Eating this everyday snack on holiday in Singapore can see Britons jailed – what is it?

Eating this everyday snack on holiday in Singapore can see Britons jailed – what is it?

Holidays overseas promise much excitement and exploration of a variety of cultures and traditions. Yet, in some countries in particular, expectations and procedures are very different to those in the UK. In Dubai, eating certain foods is prohibited, as well as sharing specific content and messages on WhatsApp. Meanwhile, in France, UK drivers must always carry their own breathalysers, either in their own car or a hire vehicle.

After a long-haul flight from the UK to Singapore, whether stopping in the Asian country or travelling to another destination, Britons should be aware of one important law.

Non adherence could see holidaymakers on trouble with the law.

Those who opt to enjoy chewing gum to freshen up their breath will face the wrath of officials, according to travel experts at

this is because chewing gum was banned in Singapore in 1992.

The only exception to the rule is if travellers can prove it has therapeutic value.

Since 2004 pharmacists and dentists have also been allowed to sell therapeutic gum, to customers with a medical prescription.

This includes standard sugar-free gum, which many apply to some British travellers.

The first-time penalty for the selling of gum can be as high as $100,000, equivalent to £57,192, or a prison sentence of up to two years.

A spokesperson from My Baggage said: “Some of the laws around the world are bizarre to say the least but it’s worth checking them out before you head off on your holidays. Fail to do so and you could face a hefty fine, and at worst, a short stint behind bars.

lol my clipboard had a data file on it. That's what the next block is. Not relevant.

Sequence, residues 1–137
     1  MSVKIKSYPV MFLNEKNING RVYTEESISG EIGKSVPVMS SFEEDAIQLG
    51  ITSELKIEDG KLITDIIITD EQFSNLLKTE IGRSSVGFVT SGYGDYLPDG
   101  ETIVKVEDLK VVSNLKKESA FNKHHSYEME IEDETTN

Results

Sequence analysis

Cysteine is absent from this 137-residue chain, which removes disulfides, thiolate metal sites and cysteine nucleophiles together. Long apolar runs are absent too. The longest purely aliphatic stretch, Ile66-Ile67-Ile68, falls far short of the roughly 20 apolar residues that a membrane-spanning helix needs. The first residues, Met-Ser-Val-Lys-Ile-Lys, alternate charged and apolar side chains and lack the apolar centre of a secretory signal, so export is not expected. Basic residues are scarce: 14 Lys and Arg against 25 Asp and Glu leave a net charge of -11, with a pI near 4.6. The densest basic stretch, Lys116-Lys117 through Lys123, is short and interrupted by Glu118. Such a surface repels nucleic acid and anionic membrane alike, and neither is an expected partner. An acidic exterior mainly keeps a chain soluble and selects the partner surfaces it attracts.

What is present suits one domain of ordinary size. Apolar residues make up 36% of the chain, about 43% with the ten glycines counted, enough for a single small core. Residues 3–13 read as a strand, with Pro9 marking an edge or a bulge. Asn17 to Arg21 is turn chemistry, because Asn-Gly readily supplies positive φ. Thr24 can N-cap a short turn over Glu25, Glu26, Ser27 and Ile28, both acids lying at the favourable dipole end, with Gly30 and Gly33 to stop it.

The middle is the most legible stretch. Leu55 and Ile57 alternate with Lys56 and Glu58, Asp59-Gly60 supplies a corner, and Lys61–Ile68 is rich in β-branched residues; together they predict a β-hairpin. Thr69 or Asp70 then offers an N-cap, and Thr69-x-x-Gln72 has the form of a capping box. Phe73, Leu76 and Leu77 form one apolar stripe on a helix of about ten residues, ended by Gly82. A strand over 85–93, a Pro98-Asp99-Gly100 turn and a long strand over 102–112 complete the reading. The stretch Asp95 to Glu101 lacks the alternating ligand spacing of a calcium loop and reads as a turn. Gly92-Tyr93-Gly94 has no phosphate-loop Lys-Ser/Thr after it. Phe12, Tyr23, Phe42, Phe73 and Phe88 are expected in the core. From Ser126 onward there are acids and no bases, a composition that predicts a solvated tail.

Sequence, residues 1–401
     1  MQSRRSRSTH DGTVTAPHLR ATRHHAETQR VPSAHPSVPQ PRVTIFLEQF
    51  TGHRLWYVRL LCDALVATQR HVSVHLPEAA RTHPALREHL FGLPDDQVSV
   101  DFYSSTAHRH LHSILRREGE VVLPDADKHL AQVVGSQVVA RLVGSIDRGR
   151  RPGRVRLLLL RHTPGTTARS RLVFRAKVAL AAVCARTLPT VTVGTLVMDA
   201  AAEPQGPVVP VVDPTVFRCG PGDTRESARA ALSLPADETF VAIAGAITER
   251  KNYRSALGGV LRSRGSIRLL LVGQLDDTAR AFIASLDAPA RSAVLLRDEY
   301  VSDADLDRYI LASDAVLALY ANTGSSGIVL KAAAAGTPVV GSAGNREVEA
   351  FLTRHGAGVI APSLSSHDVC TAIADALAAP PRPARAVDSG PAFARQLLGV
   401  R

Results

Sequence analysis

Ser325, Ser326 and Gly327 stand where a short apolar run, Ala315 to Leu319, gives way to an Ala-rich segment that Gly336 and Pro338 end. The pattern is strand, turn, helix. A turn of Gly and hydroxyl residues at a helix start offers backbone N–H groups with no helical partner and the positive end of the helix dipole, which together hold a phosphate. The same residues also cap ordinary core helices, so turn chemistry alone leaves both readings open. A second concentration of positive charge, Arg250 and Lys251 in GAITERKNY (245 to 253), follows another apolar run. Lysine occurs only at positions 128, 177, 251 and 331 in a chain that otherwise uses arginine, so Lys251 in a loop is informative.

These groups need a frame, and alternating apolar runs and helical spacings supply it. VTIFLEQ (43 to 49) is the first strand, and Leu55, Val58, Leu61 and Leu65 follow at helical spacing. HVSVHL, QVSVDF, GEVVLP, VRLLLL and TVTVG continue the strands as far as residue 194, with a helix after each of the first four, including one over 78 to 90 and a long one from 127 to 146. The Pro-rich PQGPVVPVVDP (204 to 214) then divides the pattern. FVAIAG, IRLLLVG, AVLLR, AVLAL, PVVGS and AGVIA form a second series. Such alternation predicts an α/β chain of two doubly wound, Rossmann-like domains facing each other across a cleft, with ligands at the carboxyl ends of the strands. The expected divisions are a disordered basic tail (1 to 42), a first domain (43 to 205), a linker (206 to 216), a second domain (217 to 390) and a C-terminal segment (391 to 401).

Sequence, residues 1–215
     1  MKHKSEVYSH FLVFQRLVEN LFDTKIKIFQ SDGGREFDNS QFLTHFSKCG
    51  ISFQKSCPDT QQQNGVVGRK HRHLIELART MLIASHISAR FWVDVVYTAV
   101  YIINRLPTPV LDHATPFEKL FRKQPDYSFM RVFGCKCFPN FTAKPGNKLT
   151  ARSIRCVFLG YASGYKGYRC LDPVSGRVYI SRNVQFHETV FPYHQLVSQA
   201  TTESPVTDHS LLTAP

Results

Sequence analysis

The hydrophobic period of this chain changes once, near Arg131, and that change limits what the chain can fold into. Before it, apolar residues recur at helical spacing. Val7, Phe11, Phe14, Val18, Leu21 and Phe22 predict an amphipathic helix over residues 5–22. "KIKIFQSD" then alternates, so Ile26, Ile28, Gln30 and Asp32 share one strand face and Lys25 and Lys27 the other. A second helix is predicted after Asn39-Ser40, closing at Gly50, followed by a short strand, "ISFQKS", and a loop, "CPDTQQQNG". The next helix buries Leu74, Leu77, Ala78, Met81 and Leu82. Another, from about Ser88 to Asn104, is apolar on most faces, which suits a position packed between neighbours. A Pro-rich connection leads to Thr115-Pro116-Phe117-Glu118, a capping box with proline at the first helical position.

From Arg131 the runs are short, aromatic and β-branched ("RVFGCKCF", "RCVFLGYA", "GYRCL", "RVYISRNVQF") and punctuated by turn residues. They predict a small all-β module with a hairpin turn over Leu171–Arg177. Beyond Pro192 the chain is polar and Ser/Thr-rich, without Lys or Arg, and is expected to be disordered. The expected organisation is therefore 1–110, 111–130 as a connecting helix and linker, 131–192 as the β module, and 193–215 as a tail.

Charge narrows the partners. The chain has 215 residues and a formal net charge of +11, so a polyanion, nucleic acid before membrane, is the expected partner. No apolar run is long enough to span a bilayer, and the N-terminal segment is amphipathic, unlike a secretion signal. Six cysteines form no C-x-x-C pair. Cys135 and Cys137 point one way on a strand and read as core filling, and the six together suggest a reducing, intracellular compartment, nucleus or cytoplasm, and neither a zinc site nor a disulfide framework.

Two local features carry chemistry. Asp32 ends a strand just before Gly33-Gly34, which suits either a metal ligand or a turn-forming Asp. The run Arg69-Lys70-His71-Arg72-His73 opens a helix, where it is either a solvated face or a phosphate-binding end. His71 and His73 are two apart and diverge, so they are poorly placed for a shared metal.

“It’s always important to respect the traditions and customs of any country you’re visiting and some of the laws in place are for your own safety, like carrying a breathalyser in the car in France and not running out of petrol in Germany.

“Others are so odd they may raise a smile but it’s still important to respect and stick to them.” previously reported how those travelling to France must have in their possession the device, which measures the amount of alcohol a driver has consumed.

If they are stopped by police and caught without one, they will be fined.

The AA website details the exact criteria these breathalysers must meet, and things Britons should check when buying one.

They said: “The breathalyser must be unused and show the French certification mark NF.

“It has to be in date too. Single-use breathalysers normally only last 12 months so check yours if you bought it for a trip last year and didn’t use it.”

Published at Fri, 24 May 2019 18:38:00 +0000